Cameron Campbell will spend the year studying elites in China in the 19th and early 20th centuries. Analyzing historical “big data”, he will look at changes over time in the social and geographic origins of groups of political and educational elites, their success or failure in navigating such major disruptions as the fall of the Qing in 1911, and family background and other influences on the careers of government officials.
His research focuses on demography, stratification, and inequality, especially in historical China and in comparative perspective. For this work, he and his collaborators construct and analyze large longitudinal and individual-level datasets from archival sources. For the last decade he has focused on studies of Qing officials by analysis of their personnel records and collaborations on studies of educational, professional, and other elites during the Republican (1911-1949) era. He continues to conduct research on kinship, inequality, and demographic behavior in historical China and in comparative perspective by analysis of multi-generational population databases.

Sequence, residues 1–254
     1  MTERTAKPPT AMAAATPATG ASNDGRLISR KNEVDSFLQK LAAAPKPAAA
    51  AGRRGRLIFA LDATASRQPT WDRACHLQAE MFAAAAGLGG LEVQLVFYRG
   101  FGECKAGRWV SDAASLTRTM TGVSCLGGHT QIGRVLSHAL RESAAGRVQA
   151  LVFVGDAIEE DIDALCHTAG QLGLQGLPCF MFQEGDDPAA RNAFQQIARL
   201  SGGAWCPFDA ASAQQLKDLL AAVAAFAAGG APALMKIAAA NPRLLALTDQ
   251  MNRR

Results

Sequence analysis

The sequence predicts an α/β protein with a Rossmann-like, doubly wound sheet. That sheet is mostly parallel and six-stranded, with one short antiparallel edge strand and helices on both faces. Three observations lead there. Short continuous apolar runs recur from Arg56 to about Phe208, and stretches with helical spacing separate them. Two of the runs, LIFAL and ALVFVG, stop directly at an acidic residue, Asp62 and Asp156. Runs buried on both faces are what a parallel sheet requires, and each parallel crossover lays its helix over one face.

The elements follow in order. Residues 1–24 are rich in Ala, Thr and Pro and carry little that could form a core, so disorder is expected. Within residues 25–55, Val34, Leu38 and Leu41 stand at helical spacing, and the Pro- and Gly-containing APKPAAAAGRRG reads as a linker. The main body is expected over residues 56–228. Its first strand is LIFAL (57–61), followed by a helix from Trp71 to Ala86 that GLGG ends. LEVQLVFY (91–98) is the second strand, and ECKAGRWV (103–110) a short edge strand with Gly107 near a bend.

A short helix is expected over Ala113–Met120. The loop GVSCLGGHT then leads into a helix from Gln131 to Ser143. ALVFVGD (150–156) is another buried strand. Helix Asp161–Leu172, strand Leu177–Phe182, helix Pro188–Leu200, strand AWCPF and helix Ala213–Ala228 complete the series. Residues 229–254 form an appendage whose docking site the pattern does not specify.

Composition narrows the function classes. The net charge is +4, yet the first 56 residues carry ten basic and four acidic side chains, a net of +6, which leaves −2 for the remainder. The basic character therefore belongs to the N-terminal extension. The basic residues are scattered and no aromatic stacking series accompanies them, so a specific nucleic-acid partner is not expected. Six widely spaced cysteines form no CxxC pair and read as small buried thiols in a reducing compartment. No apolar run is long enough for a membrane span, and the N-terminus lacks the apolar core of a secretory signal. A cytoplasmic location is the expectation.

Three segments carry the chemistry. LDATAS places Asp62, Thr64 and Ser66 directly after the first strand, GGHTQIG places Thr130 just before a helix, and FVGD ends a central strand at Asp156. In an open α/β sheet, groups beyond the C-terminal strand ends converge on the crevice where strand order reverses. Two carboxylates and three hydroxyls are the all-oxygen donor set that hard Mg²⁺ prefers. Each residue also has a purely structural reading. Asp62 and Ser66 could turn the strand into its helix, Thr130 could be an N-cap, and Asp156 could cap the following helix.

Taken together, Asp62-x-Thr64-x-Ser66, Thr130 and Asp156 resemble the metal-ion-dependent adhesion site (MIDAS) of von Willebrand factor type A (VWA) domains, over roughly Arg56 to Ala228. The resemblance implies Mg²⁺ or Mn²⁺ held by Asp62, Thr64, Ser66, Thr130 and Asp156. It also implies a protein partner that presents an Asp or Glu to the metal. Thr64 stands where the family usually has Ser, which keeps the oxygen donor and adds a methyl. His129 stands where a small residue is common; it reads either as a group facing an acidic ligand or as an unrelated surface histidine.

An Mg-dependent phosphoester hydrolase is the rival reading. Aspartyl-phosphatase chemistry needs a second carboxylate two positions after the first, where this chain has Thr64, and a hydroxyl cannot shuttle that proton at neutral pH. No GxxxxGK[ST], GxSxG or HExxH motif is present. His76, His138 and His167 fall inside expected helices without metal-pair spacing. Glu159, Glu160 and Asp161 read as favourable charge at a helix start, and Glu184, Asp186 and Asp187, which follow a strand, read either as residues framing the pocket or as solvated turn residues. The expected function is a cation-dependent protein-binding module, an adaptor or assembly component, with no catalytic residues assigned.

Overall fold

He was awarded a Guggenheim Fellowship in 2004 and named a Changjiang Scholar by the Ministry of Education of the People’s Republic of China in 2017.
For more information, please see his website https://camerondcampbell.blog